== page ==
Leading the way in VAWA rulemaking and implementation

January 24, 2014

In March of 2013, President Obama signed the extension of the Violence Against Women Act (VAWA), reinforcing the United States’ commitment to combat and reduce violence against women in many areas, including domestic violence, sexual assault, dating violence and stalking.

CU-Boulder is helping to set the standard on implementation of the requirements of VAWA, and is part of the conversation on the national stage. The U.S. Department of Education has chosen CU-Boulder Office of Victim Assistance Director Jessica Ladd-Webert to serve on the Negotiated Rulemaking Committee for VAWA, where she serves as an alternate negotiator representing Mental Health Services. Ladd-Webert will travel to Washington, D.C., on three occasions this year to participate in these meetings.

“The hope is that the law will continue to bring more prevention and awareness around sexual assault, dating violence, domestic violence and stalking," said Ladd-Webert.  I’m pleased to lend my voice to the discussion and not only represent CU-Boulder and my mental health colleagues from campuses around the country, but also the voices of survivors.”

One of the greatest successes of VAWA is said to be its emphasis on a coordinated community response to violence against women. The university has been coordinating and implementing many aspects of the extended legislation well before its March 7, 2014 implementation date – as well as integrating our Clery Act compliance with VAWA compliance standards.

Setting the stage for an informed and responsive community, in 2005 the university created the Office of Discrimination and Harassment (ODH). Since that time, all employees (including student employees) are required to take the Discrimination and Harassment training course within the first 30 days of employment with the Boulder campus. All CU-Boulder faculty members must complete the training within their first semester of employment. After completing this initial training, all employees and faculty members are required to take a Discrimination and Harassment training at least once every five years, although some departments require employees to complete the training more frequently. Volunteers, affiliates and students who interact with K-12 student populations are also required to take the training.

In June 2013, nine months ahead of federal compliance deadlines, ODH added VAWA-required elements to the Discrimination and Harassment training. This includes explanations and prevention information on domestic violence, dating violence and stalking. The training also states that CU-Boulder prohibits sexual offenses including sexual assault, domestic violence, dating violence and stalking. Since June 2013, approximately 4,200 employees (including student employees) have completed either the online or on-site training.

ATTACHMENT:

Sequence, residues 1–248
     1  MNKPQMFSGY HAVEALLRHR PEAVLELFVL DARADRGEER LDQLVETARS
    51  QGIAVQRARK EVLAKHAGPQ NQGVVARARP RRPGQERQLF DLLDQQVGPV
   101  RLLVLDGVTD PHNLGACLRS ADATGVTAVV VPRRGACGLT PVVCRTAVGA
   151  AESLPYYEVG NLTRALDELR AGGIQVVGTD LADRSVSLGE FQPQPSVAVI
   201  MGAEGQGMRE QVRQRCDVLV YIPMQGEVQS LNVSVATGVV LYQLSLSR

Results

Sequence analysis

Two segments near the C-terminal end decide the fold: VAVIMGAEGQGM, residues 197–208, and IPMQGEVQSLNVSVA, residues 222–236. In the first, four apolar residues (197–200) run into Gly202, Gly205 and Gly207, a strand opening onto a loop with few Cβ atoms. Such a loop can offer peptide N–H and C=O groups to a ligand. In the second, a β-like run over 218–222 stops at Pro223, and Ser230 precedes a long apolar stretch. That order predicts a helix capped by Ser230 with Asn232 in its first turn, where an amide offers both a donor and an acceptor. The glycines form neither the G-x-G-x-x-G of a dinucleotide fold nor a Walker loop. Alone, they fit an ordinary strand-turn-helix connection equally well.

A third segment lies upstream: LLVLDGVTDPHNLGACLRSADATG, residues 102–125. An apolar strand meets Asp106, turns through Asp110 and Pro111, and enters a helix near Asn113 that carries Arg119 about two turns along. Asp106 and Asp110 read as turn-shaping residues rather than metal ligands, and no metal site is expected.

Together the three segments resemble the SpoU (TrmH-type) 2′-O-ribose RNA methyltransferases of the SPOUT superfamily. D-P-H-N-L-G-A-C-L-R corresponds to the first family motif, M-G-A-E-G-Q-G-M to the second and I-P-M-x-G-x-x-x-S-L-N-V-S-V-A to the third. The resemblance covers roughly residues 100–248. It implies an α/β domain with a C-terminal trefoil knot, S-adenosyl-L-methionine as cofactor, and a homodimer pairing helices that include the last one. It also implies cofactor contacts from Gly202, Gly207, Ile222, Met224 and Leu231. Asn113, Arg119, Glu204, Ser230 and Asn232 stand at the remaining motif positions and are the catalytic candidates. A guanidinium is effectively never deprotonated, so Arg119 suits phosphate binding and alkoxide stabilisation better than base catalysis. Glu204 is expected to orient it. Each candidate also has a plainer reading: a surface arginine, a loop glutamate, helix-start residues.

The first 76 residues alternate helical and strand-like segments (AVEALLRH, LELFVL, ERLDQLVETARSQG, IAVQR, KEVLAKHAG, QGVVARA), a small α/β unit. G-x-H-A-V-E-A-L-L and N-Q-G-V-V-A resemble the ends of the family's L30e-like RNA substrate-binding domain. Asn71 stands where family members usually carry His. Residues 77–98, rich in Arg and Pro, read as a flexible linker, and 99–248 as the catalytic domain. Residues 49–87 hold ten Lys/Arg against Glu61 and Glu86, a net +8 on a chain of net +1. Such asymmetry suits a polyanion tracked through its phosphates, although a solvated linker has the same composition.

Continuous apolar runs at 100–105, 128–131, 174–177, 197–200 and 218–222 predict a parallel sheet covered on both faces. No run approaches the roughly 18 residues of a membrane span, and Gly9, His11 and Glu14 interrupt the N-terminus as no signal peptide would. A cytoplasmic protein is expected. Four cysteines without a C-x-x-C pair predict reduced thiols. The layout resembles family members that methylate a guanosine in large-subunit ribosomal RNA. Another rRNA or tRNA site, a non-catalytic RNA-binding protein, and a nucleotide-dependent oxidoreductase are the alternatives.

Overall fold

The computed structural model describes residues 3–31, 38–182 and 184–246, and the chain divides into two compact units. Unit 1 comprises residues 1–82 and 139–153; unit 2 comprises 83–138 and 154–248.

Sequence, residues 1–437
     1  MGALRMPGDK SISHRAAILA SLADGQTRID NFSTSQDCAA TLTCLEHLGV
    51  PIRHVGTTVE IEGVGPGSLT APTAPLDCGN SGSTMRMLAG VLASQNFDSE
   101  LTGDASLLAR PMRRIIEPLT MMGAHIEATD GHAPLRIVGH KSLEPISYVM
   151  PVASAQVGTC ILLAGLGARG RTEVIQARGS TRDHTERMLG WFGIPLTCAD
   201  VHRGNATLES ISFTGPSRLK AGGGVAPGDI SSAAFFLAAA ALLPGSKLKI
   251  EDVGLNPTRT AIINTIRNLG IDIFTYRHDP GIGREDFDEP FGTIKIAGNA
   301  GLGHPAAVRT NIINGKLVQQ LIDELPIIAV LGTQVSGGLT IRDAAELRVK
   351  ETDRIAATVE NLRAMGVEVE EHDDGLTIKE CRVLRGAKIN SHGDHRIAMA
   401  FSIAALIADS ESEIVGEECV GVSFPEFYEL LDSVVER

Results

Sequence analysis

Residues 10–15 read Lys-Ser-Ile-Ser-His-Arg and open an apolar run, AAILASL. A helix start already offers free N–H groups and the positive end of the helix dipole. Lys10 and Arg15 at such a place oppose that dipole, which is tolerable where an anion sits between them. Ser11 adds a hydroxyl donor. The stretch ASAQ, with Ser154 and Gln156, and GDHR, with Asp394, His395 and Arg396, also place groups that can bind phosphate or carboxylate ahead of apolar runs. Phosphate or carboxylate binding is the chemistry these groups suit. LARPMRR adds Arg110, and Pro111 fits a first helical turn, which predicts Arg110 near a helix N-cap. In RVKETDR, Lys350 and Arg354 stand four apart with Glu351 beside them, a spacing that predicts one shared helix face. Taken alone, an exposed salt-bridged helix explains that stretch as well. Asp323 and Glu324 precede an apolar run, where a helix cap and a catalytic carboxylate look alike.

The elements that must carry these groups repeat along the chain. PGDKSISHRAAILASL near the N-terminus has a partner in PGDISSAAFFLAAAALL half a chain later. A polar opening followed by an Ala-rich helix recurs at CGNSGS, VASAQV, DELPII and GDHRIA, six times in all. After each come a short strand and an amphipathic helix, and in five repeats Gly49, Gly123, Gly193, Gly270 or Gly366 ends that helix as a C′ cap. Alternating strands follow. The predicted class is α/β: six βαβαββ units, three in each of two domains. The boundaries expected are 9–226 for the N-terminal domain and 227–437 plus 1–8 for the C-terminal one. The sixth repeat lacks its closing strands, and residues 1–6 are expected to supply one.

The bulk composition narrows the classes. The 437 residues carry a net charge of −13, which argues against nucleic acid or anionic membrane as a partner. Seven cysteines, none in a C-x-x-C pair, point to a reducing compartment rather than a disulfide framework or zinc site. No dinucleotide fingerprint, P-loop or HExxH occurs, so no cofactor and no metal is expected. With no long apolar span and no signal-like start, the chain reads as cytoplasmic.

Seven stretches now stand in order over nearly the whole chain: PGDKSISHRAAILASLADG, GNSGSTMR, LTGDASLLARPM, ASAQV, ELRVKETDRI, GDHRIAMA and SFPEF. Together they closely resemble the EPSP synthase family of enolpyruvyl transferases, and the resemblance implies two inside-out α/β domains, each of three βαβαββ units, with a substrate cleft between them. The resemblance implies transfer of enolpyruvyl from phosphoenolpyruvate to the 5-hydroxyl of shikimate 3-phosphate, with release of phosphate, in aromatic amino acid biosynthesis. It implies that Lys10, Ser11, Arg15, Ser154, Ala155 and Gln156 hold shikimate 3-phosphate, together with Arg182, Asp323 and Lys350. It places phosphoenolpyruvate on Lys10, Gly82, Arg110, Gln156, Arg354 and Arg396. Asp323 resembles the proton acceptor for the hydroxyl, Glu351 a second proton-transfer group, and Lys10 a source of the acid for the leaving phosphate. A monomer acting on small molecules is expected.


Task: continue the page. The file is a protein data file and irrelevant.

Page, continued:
“We want to be ahead of the curve,” said Ryan Huff, who chairs the campus Clery Compliance Committee. “As soon as the law was passed, the committee got to work right away to ensure we were compliant with VAWA months ahead of schedule. We want to follow best practices and be a national leader in Clery Act compliance.”

For years, CU-Boulder’s Student Code of Conduct has been in compliance ahead of new directives from VAWA. These include the “preponderance of the evidence” threshold for finding suspects responsible for sex offenses. Furthermore, both parties in Student Conduct cases have the same rights, such as bringing an advisor to conduct hearings and notifying both parties of the outcome in writing.

The university has also provided training to all incoming freshmen at Orientation, including information on consent, bystander intervention, definitions of sexual assault and more. In addition, Student Affairs is currently working on an online tool for all new students, with training and information on sexual violence and other safety-related topics.

As part of the university’s efforts to expand our Clery Act reporting as part of VAWA guidelines, effective Jan. 1, 2014, the CU Police Department started collecting data on three new crime categories: domestic violence, dating violence and stalking. Furthermore, in the existing hate crime category, federal law has added two new protected classes. They are “national origin” and “gender identity.” The Police Department has also begun tracking these new protected classes within the hate crime category.

One of the most visible elements of Clery Act compliance is the issuance of the “timely warning” to the university community. VAWA prohibits the use of a victim’s name in a timely warning. Historically, CU Police have not used victims’ names in timely warnings because it’s not relevant to the timely warning’s main intention – to provide pertinent information to campus affiliates so they can take whatever protective actions they deem appropriate.

CU-Boulder‘s Clery Compliance Committee meets at least quarterly to address the university’s compliance and best practices. The committee will continue to monitor VAWA rule-making and implement national best practices. 

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